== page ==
The American Legion does not regard these training benefits as a bonus. We want good training and will support every effort of the Government to get a dollar's worth of training for every dollar spent. However, we urge that restrictions be used where they are most needed. Give veterans of this emergency the same benefits and the same opportunities for training as were granted veterans of World War II.

Senator HILL. Mr. Munson, may I ask what is your background before you became associated with the American Legion ?

Mr. Munson. Twenty-two years as a superintendent of schools specializing in rural consolidation in Iowa, sir.

Senator HILL. The tall corn State?
Mr. Munson. That is right, sir.

Senator Hill. I knew from the way you spoke that you not only had ability but that you had the background, too.

Senator Aiken, do you have any questions?
Senator AIKEN. I think it is an excellent presentation.
Senator HILL. Senator Pastore?
Senator PASTORE. I was very much impressed.
Senator Hill. Senator Ives?

Senator Ives. I have nothing further, but I wish to commend the presentation.

Senator Hill. I would like to commend you for an excellent presentation, Mr. Munson.

Mr. MÚNSON. Thank you, gentlemen.

Thank you.

Senator HILL. Next we will hear from Mr. Adin M. Downer, assistant legislative representative of the Veterans of Foreign Wars.

STATEMENT OF ADIN M. DOWNER, ASSISTANT LEGISLATIVE

REPRESENTATIVE, VETERANS OF FOREIGN WARS

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Mr. DoWNER. Thank you, Mr. Chairman.

Senator Hill. We will be glad to put your full statement in the record if you see fit to summarize.

Senator Ives. May I ask, is this the Ketchum statement that you are about to read ?

Mr. DoWNER. Yes, sir. Mr. Ketchum prepared the statement, but was unable to be here.

Senator Ives. Thank you.

Mr. DoWNER. I am grateful for the opportunity and privilege to appear before your committee as the legislative spokesman for the Veterans of Foreign Wars of the United States-an organization composed of men who have served in the Armed Forces of the United States, on foreign soil or in hostile waters during wartime—to present our viewpoint with respect to S. 1940, a bill to provide certain educational and training benefits to veterans who served in the active military, naval, or air service on or after June 27, 1950.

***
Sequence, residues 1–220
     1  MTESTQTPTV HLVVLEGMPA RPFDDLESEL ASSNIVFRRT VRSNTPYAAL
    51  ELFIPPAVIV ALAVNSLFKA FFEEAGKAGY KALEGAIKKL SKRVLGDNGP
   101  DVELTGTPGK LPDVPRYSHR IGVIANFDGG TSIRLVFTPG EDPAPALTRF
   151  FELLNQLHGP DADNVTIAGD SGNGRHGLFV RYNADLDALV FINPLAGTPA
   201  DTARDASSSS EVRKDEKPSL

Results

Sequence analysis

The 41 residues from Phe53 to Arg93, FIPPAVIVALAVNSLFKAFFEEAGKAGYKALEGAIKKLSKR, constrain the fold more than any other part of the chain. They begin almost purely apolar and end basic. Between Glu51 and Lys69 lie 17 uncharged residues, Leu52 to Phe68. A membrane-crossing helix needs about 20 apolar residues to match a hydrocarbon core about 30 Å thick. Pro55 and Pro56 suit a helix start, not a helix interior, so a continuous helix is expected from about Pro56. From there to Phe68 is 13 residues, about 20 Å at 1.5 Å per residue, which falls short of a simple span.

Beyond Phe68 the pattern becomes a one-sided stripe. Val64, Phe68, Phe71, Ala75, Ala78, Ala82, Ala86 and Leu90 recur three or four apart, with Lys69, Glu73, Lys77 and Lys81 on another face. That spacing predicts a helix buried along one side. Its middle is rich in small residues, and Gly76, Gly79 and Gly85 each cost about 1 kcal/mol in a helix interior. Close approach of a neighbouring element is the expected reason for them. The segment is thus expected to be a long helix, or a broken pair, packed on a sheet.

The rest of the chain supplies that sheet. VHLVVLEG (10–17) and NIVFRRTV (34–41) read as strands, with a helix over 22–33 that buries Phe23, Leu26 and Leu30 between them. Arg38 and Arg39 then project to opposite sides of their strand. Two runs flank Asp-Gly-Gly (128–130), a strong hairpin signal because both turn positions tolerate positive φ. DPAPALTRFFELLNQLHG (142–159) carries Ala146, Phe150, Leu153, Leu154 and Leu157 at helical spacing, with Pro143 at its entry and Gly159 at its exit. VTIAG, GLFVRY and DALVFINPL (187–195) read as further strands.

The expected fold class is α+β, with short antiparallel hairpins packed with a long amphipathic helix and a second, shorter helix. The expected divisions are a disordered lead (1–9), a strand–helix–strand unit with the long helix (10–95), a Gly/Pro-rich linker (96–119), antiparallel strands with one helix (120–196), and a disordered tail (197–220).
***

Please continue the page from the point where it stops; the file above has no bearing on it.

In August 1943 in New York City the national encampment of the Veterans of Foreign Wars unanimously adopted a resolution which called upon the Congress of the United States to enact legislation which would provide educational aid and training to those veterans of World War II whose education had been interrupted or deferred by reason of entrance into the Armed Forces. I believe that resolution was one of the first, if not the first, advocating educational aid and training at the expense of the Federal Government for men and women whose educational opportunities had been interrupted or deferred by reason of military service.

Your committee is familiar with the history of the legislation which eventually implemented the VFW resolution of 1943. You know that several bills, varying in degree and scope, to accomplish educational aid and training for veterans of World War II were introduced in the Congress and after months of careful consideration and open hearings in both branches of the Congress there emerged a bill identified as the Servicemen's Readjustment Act of 1944, which was approved by President Roosevelt and became Public Law 346.

Among several benefits provided in Public Law 346 was a section which granted educational aid and training for certain veterans of World War II whose education, up to a certain age, was assumed to have been interrupted or deferred by reason of their military service.

The original educational aid and training benefits granted under Public Law 346 were limited under the assumption that while the Government has no obligation to those service men and women whose educational program might have been interrupted or deferred, it did not appear reasonable that the same obligation existed with respect to those servicemen who had reached or passed an age beyond which it could not be reasonably assumed that military service had interfered with education.

In the months and years following the enactment of the original Public Law 346 there arose a demand inside and outside of veteran